Brands such as Fendi, Gucci, and Louis Vuitton have also performed well lately, especially the Vuitton graffitied trunks from the Marc Jacobs Sprouse era and the Murakami collection. Other brands, such as Celine, Saint Laurent, and Bottega Veneta, may not perform as well but are solid names to lure new bidders to the auction world at an attractive price. Social media channels also help newbies familiarize themselves with the process.
Rarity is also a driving factor in the category along with condition, as handbags tend to show more wear and tear due to their material nature and thus are given a sale condition grade from 1-6. New is one, and six is fair, with pristine, excellent, very good, and good being in between.
"We are very picky about what we offer," notes Koffsky. She cites a rare 2005 bronze metallic Birkin covered in feathers and black PVD hardware with a grade 2 of excellent that was estimated between 80K-100K euros and sold at sold for 280K euros as the bar setter.
Christie's promotes luxury week in June and December by opening galleries so potential bidders can view upcoming items for its live and online auctions. Additionally, private sales bear a predetermined fixed price, and other initiatives such as Only Watch, a charity-centric auction held in Geneva.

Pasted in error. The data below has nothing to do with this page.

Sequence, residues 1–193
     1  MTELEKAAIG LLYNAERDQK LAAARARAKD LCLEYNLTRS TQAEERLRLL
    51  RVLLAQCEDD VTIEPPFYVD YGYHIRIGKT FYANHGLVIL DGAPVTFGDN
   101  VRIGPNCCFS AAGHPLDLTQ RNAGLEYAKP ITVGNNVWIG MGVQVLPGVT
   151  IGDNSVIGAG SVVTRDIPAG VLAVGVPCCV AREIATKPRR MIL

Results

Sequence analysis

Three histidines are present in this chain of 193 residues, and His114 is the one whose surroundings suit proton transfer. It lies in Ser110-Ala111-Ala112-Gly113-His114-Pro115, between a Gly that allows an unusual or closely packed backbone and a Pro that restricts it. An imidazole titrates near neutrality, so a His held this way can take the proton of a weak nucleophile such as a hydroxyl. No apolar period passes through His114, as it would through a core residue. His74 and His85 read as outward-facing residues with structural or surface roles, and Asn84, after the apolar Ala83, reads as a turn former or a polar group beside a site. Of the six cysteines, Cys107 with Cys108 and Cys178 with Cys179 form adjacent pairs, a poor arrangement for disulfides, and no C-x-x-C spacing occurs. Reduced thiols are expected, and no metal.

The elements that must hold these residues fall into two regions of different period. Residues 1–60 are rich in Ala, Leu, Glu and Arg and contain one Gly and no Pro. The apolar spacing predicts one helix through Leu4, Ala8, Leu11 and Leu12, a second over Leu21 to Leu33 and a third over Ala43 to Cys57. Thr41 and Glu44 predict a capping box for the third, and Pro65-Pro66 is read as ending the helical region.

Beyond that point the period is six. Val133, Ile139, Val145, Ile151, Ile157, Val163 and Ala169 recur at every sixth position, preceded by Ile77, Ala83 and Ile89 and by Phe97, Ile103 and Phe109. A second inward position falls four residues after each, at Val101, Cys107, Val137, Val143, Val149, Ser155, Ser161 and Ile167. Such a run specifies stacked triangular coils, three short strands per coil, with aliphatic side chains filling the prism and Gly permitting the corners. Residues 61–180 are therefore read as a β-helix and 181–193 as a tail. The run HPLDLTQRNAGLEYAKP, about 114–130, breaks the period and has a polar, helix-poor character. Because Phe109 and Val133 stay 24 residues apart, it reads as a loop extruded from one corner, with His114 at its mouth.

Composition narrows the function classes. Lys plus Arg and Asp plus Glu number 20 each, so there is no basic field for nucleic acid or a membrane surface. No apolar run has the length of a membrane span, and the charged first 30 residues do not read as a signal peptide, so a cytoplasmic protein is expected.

The pandemic quickened the auction shift to a digital platform, especially in the U.S;, where lockdowns prevented travel and interrupted retail operations and supply chains. This led to an increase in first-time auction handbag buyers—who often discover the bidding sales via social media—at Christie's, with 50 percent being new clients and 50 percent millennials, according to Koffsky.
The secondary market also saw an influx of property, and general auction interest hasn't slowed down yet. The three luxury consultants also noticed the reasons for selling have also shifted; sometimes, it's just to change up their collections, according to Poindexter.
"Most of our clients are very much alive, still buying and selling. The old selling adage death, debt, and divorce— doesn't necessarily apply anymore."